- Louis Dubrince (NM?), today (2014) has an address in Ville-Dommange. There are also bottles of Louis Bubrince where the label says that they are produced by LDJ in Faverolles-et-Coëmy, which is the company behind Jeeper, under an NM code. I’ve not been able to figure out what lies behind this change, but a possibility is that the brand (and possibly facilities in Ville-Dommange) has been sold by LDJ, who got a new majority owner in 2013 following economic difficulties.
Producer status is indicated where known: RM = récoltant-manipulant, or grower-producers. RC = récoltant-coopérateur, growers that are cooperative members but sell Champagnes under their own name. SR = société de récoltants, owned by a number of growers of the same family and sells under its own name.
- Auguste-Serrurier (RC) has their cellars in Ville-Dommange, but the company seat is in Courmas.
- Bardoux Père & Fils (RM), member of Vignerons Indépendants, has 4 ha of vineyards with 60% Pinot Meunier, 25% Pinot Noir, and 15% Chardonnay. The range includes a vintage Champagne. The top Champagne is called Prudent.
- James Bergeronneau (RM)
- Bergeronneau-Marion (RM), member of Vignerons Indépendants, has vineyards with 50% Pinot Meunier, 25% Chardonnay, and 25% Pinot Noir, and an annual production of 90 000 bottles. The range includes a vintage Champagne composed of 1/3 each of the three common grape varieties. Cuvée Saint-Lié originates from a vineyard site directly at the Saint-Lie chapel and is composed of 50% Chardonnay, 40% Pinot Meunier, and 10% Pinot Noir. They also produce a vineyard-designated Pinot Meunier from Clos des Bergeronneau, from old vines and with old-fashioned string closure. The labels have earlier also said François Bergeronneau and F. Bergeronneau-Marion.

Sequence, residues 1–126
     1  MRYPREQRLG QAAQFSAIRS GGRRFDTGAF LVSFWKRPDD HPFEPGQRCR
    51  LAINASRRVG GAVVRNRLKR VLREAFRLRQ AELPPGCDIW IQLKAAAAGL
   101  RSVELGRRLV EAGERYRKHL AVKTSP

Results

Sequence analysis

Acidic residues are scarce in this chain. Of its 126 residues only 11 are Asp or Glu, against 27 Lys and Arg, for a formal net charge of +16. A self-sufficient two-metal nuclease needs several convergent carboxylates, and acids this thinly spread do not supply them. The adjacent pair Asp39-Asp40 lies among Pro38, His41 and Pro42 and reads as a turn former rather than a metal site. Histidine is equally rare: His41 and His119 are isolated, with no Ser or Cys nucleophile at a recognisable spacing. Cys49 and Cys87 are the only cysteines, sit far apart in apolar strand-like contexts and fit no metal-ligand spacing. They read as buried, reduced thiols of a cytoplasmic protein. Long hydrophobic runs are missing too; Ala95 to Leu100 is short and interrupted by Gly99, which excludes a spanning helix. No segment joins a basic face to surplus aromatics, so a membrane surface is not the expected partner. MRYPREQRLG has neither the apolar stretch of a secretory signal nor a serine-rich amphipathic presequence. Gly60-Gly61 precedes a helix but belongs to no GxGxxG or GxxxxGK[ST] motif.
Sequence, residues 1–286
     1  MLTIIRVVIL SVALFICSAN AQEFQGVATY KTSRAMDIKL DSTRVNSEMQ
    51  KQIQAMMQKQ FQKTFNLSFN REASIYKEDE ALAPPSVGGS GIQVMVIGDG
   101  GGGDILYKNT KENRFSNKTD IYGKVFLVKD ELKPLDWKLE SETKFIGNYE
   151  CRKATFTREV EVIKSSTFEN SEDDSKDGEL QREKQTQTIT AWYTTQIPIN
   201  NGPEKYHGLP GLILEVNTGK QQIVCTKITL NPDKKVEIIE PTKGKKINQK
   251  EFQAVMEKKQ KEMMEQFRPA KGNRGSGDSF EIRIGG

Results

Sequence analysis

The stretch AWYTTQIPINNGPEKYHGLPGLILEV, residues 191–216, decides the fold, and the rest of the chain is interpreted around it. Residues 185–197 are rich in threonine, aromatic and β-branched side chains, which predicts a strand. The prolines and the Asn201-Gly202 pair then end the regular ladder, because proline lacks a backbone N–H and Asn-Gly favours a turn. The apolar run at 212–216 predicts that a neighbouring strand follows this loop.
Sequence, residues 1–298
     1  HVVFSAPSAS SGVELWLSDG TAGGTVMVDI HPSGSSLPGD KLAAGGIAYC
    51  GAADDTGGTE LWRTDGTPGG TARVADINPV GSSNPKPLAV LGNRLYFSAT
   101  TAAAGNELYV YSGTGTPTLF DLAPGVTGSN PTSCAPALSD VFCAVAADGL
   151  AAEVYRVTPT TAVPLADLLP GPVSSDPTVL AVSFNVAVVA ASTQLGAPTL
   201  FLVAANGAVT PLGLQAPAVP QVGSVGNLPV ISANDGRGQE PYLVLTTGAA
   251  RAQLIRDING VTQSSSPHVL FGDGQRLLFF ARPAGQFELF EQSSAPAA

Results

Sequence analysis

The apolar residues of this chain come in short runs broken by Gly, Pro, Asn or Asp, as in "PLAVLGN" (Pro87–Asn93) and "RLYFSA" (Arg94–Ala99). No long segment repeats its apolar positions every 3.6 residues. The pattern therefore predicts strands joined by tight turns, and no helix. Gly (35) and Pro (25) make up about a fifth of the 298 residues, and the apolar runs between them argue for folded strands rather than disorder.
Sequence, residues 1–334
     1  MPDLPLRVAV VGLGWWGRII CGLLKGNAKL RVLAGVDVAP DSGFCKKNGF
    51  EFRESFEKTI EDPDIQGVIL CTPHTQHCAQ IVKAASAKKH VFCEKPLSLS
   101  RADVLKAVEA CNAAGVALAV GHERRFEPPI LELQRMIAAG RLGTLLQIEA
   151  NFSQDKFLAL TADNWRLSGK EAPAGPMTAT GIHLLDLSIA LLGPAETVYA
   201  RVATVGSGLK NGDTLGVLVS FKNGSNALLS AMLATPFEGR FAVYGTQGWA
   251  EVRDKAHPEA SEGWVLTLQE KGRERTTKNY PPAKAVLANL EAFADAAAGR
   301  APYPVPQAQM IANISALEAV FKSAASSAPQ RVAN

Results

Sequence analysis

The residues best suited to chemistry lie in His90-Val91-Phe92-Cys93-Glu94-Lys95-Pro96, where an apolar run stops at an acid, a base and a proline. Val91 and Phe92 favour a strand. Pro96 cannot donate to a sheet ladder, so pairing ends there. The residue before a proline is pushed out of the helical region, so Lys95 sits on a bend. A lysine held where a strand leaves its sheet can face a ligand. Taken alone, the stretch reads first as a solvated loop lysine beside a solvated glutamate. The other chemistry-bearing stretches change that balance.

- Boisselle & Fils (older website), the range of which includes a vintage Champagne and Cuvée Fût de chêne which is an oak barrel-vinified blend of Pinot Noir, Pinot Meunier, and Chardonnay.
- Chanoir-Fresne (RC), has 3.5 ha of vineyards with 1/3 Chardonnay, 1/3 Pinot Noir, and 1/3 Pinot Meunier, and an annual production of 15 000 bottles. Cuvée Prestige is a blanc de blancs. They earlier had an address in Bezannes.
- René Chardonnet & Fils (probably RC), run by Eric Chardonnet and Christophe Chardonnet. The range includes a vintage Champagne. Not to be confused with Chardonnet & Fils i Avize.
- Laurent Charlier (SR), the range of which includes a vintage Champagne. Cuvée Thibault de Champagne is produced from grapes from old vines and Antique is a oak barrel-vinified cuvée from the three common grape varieties.
- Guy Cogne (RC)
- Coulon Père & Fils (RC), has 4 ha of vineyards in Ville-Dommange (3 ha: Pinot Noir, Pinot Meunier, and Chardonnay) and Coulommes-la-Montagne (1 ha Chardonnay) and an annual production of about 15 000 bottles. Their range includes a vintage Champagne composed of one-third each of Chardonnay, Pinot Meunier, and Pinot Noir. Also produces a vineyard-designated blanc de blancs from the site Les Paradis in Coulommes-la-Montagne.
- Pascal Devilliers (RM), the range of which includes a vintage Champagne composed of 50% Chardonnay and 50% Pinot Noir.